The Tel Aviv Labor Court has ordered a manager at Israel Military Industries to pay a former employee in his department a settlement of NIS 30,000 — for calling him “black.” According to the court, the term — and the way it was used — was insulting to the employee, who hails from an Ethiopian immigrant family.
The incident occurred two years ago. According to the employee, the manager, in response to a question posed by another manager, said that he didn’t know the answer, but that he should “ask the black guy.” The employee said that he asked the manager to apologize, telling him, “I have a name, and I should not be referred to by my skin color.” The manager refused to apologize, and several days later, the employee approached the manager, recording their conversation.
The recording, which was played back on Channel Two, has the employee again saying that he had been insulted by the comment, with the manager saying, “The term is not meant to insult. All I said was that you are black. If you were fat, I would have said, ‘Ask the fat guy.’ Aren’t you black? I didn’t mean to insult you, and if I did I apologize.” In response, the employee says, “I am an Israeli of Ethiopian background. Do you not understand that what you said is insulting?”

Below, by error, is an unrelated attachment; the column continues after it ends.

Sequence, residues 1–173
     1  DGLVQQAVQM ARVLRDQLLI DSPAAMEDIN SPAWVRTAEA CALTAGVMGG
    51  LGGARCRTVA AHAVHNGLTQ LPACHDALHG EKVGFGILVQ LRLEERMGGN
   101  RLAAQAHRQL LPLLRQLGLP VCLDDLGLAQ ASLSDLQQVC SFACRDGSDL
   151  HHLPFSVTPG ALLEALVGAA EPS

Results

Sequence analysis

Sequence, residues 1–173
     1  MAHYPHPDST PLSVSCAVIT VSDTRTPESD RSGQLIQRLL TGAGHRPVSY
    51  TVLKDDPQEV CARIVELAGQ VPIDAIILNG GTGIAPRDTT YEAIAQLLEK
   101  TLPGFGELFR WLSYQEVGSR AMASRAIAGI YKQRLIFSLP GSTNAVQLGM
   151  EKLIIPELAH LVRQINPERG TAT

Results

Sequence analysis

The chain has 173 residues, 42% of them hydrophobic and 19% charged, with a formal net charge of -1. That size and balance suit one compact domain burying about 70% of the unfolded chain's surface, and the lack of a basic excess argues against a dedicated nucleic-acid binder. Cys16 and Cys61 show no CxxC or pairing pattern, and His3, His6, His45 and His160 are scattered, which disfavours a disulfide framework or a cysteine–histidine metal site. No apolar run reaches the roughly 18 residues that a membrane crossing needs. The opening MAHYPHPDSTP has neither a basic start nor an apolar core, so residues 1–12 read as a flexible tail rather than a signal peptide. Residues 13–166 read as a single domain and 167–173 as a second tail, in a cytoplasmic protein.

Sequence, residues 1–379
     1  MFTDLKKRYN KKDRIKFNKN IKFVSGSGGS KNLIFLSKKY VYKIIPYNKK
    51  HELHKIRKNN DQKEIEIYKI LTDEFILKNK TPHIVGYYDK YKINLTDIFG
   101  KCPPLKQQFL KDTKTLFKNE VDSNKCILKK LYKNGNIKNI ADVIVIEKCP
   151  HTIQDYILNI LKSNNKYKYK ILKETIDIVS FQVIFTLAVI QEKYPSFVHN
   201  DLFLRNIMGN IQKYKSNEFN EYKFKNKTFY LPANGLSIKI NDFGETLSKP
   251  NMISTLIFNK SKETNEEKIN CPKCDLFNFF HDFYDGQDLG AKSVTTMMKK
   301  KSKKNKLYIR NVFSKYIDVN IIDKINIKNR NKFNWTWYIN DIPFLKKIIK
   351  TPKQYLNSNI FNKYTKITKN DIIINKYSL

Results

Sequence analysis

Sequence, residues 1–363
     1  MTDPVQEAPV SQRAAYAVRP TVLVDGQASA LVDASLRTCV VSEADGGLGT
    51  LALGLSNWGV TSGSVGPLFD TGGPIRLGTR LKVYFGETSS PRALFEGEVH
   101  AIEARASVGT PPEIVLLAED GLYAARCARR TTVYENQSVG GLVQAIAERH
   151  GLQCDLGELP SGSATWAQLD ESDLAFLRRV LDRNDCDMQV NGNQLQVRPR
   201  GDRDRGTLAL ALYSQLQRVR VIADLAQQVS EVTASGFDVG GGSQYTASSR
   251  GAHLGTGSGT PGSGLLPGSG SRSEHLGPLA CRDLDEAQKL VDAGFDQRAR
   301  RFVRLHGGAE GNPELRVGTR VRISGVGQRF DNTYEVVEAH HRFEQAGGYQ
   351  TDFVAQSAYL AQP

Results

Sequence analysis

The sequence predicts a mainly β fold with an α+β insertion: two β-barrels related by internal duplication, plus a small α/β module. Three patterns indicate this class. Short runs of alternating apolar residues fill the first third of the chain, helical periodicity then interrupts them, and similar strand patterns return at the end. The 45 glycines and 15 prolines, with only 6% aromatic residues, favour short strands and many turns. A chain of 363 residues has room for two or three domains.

The manager then dismisses the complaint, saying, “You are just looking for an excuse to be insulted. You are a black Ethiopian. Look in the mirror. All the Ethiopians… racism, racism is all I hear. This is not racism, to say that you are black.” The manager then asks another employee what color the complainant is, and that employee confirms that he is indeed black.
The complainant’s attorney told Channel Two after the court’s decision that it was an “important addition to the case law on racism and respect for others. The term ‘black’ by itself is not an insult, but it was as used in this situation. Sometimes ordinary words can be used inappropriately, in an insulting and racist way.”